Minority leader says involvement of community in Warren police promotion encouraging

By Ed Runyan



Longtime minority leader Thomas Conley says the inclusion of he and three other community leaders in the recent promotional process for Warren police sergeant was “historic” and encouraging.

“It was actually historic for the city of Warren, and I’m very humbled to have been part of it,” said Conley, CEO and president of the Greater Warren-Youngstown Urban League.

It was historic because it was the first time the police department invited members of the community to participate in the promotional process, Conley said.

“Going through the interviews with the candidates, I can see a real change is happening to the positive in the police department,” Conley said.

“I’ve seen evidence of community-mindedness, I’ve seen evidence of procedural changes, and really the willingness to serve the community,” Conley said of the seven patrol officers they interviewed.

The result was that officers Tim Parana and Thad Stephenson scored the highest and received the promotions. The Warren Civil Service Commission on Tuesday certified the results of the sergeant’s exam.

The process this time included two types of assessment – a written civil-service test, as has been used in the past, and an assessment conducted by a panel of four volunteer community leaders. Each part counted for half of the grade.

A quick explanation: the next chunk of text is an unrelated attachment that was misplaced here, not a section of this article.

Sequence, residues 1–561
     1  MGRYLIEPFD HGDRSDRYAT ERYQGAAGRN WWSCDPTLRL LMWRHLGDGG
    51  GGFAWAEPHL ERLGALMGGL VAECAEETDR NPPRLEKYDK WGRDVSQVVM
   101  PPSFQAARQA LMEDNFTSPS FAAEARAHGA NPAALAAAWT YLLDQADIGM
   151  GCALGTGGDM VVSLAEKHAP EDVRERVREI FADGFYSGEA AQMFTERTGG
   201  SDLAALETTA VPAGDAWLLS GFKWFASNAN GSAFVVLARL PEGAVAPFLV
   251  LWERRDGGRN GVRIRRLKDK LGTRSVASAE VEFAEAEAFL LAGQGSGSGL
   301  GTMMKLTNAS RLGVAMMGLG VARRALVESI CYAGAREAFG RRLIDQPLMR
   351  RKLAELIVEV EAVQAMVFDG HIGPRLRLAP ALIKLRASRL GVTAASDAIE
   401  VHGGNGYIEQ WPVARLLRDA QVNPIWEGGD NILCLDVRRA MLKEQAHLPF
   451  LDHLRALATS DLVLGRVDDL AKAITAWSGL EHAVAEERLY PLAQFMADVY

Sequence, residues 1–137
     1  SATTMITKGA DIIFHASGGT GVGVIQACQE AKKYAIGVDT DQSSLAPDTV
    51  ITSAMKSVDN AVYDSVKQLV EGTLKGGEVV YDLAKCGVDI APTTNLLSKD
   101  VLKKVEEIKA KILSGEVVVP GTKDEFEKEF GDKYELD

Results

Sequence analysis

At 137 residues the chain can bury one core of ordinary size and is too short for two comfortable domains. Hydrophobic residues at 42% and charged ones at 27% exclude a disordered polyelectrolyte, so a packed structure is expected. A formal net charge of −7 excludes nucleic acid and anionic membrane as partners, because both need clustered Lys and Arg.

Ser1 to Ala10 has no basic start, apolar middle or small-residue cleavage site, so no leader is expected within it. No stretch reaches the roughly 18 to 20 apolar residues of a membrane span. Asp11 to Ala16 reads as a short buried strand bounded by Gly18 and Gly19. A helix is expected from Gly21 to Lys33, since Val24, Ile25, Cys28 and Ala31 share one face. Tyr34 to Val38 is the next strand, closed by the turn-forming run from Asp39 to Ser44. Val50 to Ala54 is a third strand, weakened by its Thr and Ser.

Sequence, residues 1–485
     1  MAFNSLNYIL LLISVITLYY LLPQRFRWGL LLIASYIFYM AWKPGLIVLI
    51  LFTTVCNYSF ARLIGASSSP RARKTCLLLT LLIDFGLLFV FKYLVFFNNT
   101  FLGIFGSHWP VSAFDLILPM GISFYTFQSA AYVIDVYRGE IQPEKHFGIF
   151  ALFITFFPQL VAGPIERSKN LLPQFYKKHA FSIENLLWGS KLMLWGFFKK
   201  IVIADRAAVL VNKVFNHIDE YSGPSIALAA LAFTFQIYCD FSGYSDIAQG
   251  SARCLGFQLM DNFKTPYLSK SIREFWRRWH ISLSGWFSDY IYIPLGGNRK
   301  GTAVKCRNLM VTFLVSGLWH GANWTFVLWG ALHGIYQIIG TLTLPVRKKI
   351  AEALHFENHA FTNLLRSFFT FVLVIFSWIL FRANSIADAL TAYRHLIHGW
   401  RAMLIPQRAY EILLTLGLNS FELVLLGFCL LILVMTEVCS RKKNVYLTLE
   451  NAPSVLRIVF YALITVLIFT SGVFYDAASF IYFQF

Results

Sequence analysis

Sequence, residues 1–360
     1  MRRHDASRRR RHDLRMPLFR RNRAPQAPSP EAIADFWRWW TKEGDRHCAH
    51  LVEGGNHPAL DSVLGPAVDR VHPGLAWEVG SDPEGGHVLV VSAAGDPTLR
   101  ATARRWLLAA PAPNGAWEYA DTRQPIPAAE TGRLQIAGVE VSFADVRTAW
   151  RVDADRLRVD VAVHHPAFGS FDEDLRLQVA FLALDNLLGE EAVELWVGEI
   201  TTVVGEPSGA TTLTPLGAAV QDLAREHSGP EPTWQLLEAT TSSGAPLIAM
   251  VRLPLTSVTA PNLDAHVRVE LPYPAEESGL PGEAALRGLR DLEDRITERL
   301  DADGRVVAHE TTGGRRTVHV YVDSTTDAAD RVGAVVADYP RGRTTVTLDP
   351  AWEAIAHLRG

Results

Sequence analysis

Atty. Dan Letson, chairman of the commission, said the assessments took about 45 minutes each and lasted a full day.

A representative of the city’s testing company, Clancy & Associates, spent about an hour discussing the process with the four volunteers before the interviews. Committee members were given a set of questions to ask all the candidates.

Police Chief Eric Merkel said he prefers to use assessments in addition to written tests because some people are good at taking written tests and some are not. Paid assessors were used in the selection of Jeff Cole to the most recent promotion to police captain, but that type of assessment is expensive, Merkel said.

Conley said the interviews gave him a better look at what the police department is doing and has done to satisfy the requirements of the U.S. Justice Department consent decree that identified areas where the police department had failed to protect the rights of citizens.

The three other assessors were Holly Welch, lead principal at the McGuffey Pre-kindergarten to Grade 8 School in Warren; Todd Werth, Boardman Township police chief and former area director of the FBI; and Lt. Brian Butler of the Youngstown Police Department.

Conley said the scores were similar among all four members of the panel.

Werth said he is looking at whether he can use the same process for promotion of officers in his department.

“It gives you a fresh look at the candidates,” Werth said. “I also think it’s a personal-development process for all of the candidates to go through it. [The candidates] get to sit down and interview with four individuals they don’t know.”

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